Sunday, September 16, 2007

Shirley draws a violation in Can I Keep My Jersey?

Books now read in ’07: 89
Title: Can I Keep My Jersey?
Author: Paul Shirley
Genre: Basketball
Date Completed: 9-12
Pages: 322

I had every reason to like this book. Shirley is a Kansas kid, as am I. While he didn’t play for my alma mater, Kansas, he did earn a starting role for Big 12 rival Iowa State and I saw him play on several occasions. Too, this book was recommended by a friend with impeccable judgment in books.

So I had every reason to like Can I Keep My Jersey?, but I didn’t like it at all.

I didn’t like it for a lot of reasons. Shirley isn’t as smart or as funny as he thinks. The kid could do with a dose of self-awareness. He actually uses words like “homo” and "retard,” while blithely criticizing professional basketball players for their narcissistic ways. Shirley thinks of himself as witty, but he’s really just sarcastic – and that doesn’t make a funny book, only a sad one.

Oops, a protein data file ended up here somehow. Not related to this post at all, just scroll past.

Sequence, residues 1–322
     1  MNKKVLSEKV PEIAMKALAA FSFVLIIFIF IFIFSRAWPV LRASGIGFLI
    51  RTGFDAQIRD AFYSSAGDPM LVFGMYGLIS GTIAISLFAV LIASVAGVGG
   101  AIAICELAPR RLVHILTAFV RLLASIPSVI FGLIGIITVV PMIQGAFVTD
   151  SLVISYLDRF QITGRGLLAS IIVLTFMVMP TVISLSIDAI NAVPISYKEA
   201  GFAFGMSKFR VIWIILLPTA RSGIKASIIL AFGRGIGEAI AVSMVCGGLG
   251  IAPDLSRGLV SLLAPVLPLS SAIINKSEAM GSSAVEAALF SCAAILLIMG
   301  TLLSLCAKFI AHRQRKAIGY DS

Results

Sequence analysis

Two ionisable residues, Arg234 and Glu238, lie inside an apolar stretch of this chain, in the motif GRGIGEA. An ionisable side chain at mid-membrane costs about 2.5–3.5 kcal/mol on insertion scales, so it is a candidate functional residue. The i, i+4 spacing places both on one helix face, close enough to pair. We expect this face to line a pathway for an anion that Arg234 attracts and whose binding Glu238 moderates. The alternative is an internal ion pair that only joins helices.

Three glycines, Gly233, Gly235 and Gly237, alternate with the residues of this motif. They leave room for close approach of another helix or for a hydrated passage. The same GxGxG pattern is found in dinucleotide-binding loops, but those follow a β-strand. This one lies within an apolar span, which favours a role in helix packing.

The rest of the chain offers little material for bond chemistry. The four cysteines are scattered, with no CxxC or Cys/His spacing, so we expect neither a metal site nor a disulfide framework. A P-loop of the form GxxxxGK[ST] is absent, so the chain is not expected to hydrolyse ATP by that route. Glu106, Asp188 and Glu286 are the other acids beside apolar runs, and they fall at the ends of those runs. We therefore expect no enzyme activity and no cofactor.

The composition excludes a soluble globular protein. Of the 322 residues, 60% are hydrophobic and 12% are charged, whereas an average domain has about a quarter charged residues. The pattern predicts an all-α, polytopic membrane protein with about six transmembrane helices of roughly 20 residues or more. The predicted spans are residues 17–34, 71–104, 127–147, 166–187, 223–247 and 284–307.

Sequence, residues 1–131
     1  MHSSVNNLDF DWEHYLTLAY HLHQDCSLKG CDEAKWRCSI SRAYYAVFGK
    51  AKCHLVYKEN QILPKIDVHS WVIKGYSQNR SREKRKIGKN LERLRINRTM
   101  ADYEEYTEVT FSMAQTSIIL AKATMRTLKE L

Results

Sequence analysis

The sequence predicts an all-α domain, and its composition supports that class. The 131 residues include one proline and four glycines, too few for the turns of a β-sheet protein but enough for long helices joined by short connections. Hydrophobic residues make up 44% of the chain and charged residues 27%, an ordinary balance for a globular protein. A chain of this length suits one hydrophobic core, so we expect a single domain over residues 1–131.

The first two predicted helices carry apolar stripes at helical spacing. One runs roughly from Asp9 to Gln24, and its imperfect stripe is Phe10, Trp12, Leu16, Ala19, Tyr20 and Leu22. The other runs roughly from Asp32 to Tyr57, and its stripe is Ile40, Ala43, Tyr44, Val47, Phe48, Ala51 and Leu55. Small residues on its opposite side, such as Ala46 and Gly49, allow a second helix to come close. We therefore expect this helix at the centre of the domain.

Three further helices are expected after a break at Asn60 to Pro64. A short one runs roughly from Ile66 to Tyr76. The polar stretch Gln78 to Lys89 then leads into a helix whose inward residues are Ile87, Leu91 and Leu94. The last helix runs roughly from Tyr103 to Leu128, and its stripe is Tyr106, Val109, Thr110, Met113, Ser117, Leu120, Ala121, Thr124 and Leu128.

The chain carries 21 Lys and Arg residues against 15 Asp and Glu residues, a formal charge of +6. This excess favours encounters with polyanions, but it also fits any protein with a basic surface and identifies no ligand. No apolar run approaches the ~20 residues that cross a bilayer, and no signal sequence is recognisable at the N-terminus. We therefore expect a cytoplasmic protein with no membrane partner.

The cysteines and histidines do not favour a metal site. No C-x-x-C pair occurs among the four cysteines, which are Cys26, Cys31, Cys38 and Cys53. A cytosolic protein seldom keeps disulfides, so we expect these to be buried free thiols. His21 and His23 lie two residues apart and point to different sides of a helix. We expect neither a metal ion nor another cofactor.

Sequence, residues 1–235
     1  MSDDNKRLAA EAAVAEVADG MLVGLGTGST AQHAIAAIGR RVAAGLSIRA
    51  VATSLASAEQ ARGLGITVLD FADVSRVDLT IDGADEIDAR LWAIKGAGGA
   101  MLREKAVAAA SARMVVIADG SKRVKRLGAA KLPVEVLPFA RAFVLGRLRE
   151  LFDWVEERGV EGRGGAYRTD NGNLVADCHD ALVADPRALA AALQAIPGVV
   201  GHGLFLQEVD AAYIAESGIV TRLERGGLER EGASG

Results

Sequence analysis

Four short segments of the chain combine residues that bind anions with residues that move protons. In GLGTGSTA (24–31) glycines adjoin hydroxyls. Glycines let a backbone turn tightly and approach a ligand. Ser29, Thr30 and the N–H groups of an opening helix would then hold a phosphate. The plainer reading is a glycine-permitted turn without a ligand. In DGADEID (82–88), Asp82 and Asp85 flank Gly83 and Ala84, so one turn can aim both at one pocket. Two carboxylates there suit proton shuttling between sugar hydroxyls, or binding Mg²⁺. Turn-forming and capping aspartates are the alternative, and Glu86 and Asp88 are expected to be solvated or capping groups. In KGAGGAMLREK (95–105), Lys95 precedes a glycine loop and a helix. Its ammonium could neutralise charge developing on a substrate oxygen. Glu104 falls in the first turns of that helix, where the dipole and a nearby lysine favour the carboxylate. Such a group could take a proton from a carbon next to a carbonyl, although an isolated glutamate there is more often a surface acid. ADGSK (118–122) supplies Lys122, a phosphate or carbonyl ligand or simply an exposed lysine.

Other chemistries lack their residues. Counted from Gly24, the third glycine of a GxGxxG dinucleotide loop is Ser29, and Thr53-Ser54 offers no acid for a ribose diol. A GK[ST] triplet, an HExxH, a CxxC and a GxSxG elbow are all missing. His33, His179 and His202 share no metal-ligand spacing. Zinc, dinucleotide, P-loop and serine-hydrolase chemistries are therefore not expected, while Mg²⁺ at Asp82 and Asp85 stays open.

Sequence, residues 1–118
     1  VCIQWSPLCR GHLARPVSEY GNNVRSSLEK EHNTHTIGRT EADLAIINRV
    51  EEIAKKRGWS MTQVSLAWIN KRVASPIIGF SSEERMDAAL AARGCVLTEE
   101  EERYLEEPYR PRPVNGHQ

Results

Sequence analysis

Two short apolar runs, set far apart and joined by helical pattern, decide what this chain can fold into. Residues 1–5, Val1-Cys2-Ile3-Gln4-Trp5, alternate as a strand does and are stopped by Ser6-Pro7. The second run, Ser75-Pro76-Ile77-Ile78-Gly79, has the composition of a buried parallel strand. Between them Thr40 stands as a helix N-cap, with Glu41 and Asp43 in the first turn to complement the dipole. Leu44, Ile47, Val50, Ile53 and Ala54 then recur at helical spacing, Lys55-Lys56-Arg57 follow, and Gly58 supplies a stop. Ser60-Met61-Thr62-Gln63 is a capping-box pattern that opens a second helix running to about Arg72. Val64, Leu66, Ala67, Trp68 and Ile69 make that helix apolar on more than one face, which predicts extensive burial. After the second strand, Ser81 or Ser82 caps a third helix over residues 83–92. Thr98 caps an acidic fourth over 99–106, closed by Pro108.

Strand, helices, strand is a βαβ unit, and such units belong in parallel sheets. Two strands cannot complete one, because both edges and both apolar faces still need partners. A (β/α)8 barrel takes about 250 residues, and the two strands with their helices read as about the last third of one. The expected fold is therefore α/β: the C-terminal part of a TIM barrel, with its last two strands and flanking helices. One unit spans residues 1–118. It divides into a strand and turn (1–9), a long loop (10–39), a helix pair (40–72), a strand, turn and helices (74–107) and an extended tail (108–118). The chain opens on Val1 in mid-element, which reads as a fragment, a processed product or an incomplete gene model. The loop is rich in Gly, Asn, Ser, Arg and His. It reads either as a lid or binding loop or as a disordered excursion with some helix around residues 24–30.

He condemns anyone with a religious faith based on the actions of a few professional basketball players – surely (no pun intended) not a sampling truly reflective of believers anywhere and which misses the point about faith in any event.

But my biggest bone of contention with Paul Shirley is on two fronts. First, he completely fails to enjoy or to appreciate adventures that most people will never have the opportunity to experience. He plays in Greece, Spain and Russia, but only offer up a litany of complaints about his foreign experiences. It’s as if none of this touches this kid in any meaningful way. It's all about Paul.

Finally, Shirley seems no different from the other professional players he is so quick to distance himself from. Shirley is an engineering major and, after graduation from college, he would certainly be well on his way to a good career and a respectable income. Instead, he shuttles about the NBA, the CBA and foreign teams in pursuit of his “dream” to play in the NBA. More accurately, Shirley doesn’t play in the NBA so much as hold down a seat on the bench and wait for a blow-out – by either team – so he can literally see a few seconds of action.

Shirley is contemptuous of the values of his fellow NBA colleagues, yet I do not see that his are so different. As for his writing, it is a lot like his play in the NBA, best in limited doses.

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